|Project Name||Stars||Downloads||Repos Using This||Packages Using This||Most Recent Commit||Total Releases||Latest Release||Open Issues||License||Language|
|Gocast||60||9 months ago||9||March 26, 2022||3||mit||Go|
|GoCast is a tool for controlled BGP route announcements from a host|
|Greybox||37||9 months ago||1||other||Shell|
|A tool to host an Internet simulation|
|Bgp Ipvlan Docker||7||8 years ago||May 31, 2021||apache-2.0||Go|
|Ntr||6||3 years ago||mit||C#|
|Ntr (MoeArt's Network TraceRoute) is a tool for shown up routers between source host and destination host. And ntr can shown up each router's location and BGP AS information. Similar Tools: mtr, winmtr.|
|Cldemo Roh Dad||6||3 years ago||Shell|
|[DEPRECATED] Routing on the Host with Docker Advertisement Daemon|
|Onos Sdn Ip||4||6 years ago||Shell|
|Virtual scenarios of SDN-IP service (ONOS / CORD Project)|
|Cldemo Automation Chef||3||3 years ago||Ruby|
|Autonetq||3||6 years ago|
|automatic troubleshooting of BGP fabric with Cumulus NetQ and Ansible|
|Netgammon||2||3 years ago||Python|
|A backgammon game|
|Ansible Role Arouteserver||2||5 years ago||Shell|
|An Ansible role to install and configure ARouteServer|
Gocast is a tool that does controller BGP route advertisements from a host. It runs custom defined healthchecks and announces or withdraws routes (most commonly VIPs or Virtual IPs) to a BGP peer. The most common use case for this is anycast (vip) based load balancing for infrastructure services such as DNS, Syslog etc where several instances are available in geographically diverse regions that announce the same anycast VIP, and clients then get sent to the closest instance.
For some practical examples and more details, check out this blog post : https://mayuresh82.github.io/2020/11/28/automatic_service_discovery_anycast/
Use the docker container at mayuresh82/gocast or compile from source:
go get -d github.com/mayuresh82/gocast
GoCast uses GoBGP as a library to peer with remote neighbors and announce/withdraw prefixes. It really is just a healthcheck based wrapper around GoBGP. Remote peers can be autodiscovered or statically configured. A peer will most commonly be a Top-Of-Rack (TOR) switch.
Typically you would run GoCast on the same hosts as the service that needs to be monitored. Once an application "registers" with GoCast, GoCast then runs the predefined health monitors/checks and if they fail (e.g a service listening on a specific port), the routes are withdrawn thereby taking the node out of service.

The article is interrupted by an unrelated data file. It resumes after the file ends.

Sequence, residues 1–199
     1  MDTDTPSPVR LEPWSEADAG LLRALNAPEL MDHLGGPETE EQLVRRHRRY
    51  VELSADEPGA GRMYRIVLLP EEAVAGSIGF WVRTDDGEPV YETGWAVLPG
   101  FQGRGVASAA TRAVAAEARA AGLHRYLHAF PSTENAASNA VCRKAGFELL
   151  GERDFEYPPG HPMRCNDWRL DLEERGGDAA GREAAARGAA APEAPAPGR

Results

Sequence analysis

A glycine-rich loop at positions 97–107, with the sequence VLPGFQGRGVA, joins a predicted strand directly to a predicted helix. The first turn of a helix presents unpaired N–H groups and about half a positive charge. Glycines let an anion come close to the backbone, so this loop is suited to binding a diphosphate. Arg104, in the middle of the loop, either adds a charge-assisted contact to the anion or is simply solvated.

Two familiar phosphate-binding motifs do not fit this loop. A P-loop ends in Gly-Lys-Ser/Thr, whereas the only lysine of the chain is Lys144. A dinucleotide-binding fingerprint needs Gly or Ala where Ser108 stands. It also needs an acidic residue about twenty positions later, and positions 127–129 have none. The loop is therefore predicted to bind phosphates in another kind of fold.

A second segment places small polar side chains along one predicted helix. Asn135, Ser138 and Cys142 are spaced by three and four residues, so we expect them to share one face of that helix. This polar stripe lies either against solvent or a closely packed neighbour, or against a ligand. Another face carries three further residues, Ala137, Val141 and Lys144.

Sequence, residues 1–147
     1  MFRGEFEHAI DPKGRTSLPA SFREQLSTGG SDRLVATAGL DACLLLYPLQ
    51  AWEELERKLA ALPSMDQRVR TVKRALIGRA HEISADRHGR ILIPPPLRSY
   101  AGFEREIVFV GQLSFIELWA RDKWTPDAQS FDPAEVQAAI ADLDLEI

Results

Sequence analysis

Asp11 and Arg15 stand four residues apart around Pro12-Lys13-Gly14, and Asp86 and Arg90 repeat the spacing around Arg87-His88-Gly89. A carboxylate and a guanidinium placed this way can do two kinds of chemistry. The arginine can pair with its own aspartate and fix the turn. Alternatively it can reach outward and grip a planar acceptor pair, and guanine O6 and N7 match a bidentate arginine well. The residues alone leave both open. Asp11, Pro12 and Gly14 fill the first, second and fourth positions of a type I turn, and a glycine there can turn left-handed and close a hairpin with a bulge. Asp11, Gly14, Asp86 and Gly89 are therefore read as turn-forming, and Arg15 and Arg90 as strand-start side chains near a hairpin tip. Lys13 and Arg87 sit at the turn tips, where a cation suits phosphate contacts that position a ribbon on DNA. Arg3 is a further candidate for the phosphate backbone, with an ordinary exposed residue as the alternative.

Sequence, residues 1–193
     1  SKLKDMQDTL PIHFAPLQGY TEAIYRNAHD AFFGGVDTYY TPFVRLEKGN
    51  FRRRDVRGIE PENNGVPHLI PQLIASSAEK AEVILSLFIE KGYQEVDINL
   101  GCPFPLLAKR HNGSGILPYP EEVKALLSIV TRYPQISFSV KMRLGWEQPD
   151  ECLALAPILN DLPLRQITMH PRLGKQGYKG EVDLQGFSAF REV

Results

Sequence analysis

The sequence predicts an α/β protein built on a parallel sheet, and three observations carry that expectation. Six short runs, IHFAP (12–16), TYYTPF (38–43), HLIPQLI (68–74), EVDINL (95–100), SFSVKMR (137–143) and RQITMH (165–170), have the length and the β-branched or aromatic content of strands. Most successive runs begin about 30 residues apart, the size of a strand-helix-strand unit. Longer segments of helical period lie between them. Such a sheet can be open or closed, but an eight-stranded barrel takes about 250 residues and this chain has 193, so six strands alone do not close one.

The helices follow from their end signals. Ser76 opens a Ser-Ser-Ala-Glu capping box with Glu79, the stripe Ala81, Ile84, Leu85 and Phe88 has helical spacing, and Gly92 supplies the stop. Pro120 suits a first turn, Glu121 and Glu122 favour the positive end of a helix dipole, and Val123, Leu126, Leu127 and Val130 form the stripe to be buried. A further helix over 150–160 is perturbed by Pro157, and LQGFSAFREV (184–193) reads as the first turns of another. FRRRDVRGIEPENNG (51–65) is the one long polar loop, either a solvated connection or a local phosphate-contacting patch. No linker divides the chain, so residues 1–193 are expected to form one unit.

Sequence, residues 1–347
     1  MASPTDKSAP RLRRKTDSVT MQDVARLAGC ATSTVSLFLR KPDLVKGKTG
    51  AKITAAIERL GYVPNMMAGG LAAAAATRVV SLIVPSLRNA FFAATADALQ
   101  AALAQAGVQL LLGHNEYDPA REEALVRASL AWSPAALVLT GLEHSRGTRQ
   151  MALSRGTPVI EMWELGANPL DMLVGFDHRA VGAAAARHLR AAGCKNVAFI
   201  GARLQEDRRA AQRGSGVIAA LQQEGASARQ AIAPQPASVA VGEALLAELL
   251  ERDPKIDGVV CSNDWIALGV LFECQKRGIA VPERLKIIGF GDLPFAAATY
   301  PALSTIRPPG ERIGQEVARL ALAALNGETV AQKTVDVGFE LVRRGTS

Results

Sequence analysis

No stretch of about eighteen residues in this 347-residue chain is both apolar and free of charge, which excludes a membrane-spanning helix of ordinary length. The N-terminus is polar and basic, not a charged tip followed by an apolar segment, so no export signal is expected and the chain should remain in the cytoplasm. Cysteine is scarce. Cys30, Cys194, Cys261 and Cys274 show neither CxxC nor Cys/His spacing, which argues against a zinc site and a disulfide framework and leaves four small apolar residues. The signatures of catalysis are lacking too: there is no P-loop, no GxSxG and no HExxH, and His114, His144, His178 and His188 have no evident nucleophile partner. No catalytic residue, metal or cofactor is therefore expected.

GoCast uses a config file to define agent parameters (http addr, consul server addr, timers etc) and BGP parameters (local/peer ASN, peer IP, origin/communnities). See example config.yaml.
An application can register with the GoCast instance running on the same host using one of the following methods:
Multiple monitors can be defined and the healthcheck succeeds only when all the monitors pass.
Custom defined apps in config.yaml. See the example config.yaml for syntax examples
Consul based auto-discovery (see below)
A health monitor can either be a port monitor, an exec monitor or consul. Port monitors are specified as port:protocol:portnum , exec monitors run a script or arbitrary command and pass on successful exit (status code 0), specified as exec:command and consul monitors use consul's own healthchecks, specifed simply as consul
GoCast supports consul for automatic service discovery and healthchecking. For this to work, the following needs to be setup:
The host running GoCast needs to have the environment variable CONSUL_NODE set to the hostname in consul
The following tags must be set in consul for autodiscovery to work:
enable_gocast : required
gocast_monitor=consul is specified, then GoCast uses the defined healthchecks in consul as the health monitors for the service.
gocast_nat=protocol:listenPort:destinationPort is specified, then GoCast will create NAT rules, via iptables, and map traffic destined to the assigned VIP and the specified
listenPort to the physical IP and
gocast_nat=protocol:port is specified, then GoCast will create NAT rules, via iptables, and map traffic destined to the assigned VIP and the specified
port to the physical IP and
The docker image at mayuresh82/gocast can be used to run GoCast inside a container. In order for GoCast to manipulate the host network stack correctly, the container needs to run with NET_ADMIN capablity and host mode networking. For example:
docker run -d --cap-add=NET_ADMIN --net=host -v /path/to/host-config:/path/to/container-config mayuresh82/gocast -config=/path/to/config.yaml -logtostderr
Caveats and workarounds
The service to be monitored can also be run inside a container, provided the published service ports are set to listen on 0.0.0.0 (not a specific IP.) Certain orchestration solutions such as Nomad run the docker containers with published ports listening only on the physical IP address. This will cause all requests to the app to fail, because the host does not listen on the loopback interface any more (which GoCast uses and assigns the VIP IP to). To work=around this there are 2 options:
Start the service container in host networking mode OR
Register NAT rules for your service with GoCast for the required protocol/port(s). GoCast will then create iptables NAT rules that map traffic destined to the assigned VIP to the physical IP address. This is achieved by adding the
nat=protocol:listenPort:destinationPort in the http query or
gocast_nat=protocol:listenPort:destinationPort tag(s) in consul, as shown in the Consul integration section above.
Why not just use ExaBGP or something similar ?
ExaBGP is commonly used for this purpose, with bash scripts and such. However, I found that there no standard way of doing things and there is little to no support for containerized services. Also ExaBGP's API is clunky and documentation is almost non existent. GoCast provides an out of the box solution without hacking together a bunch of scripts.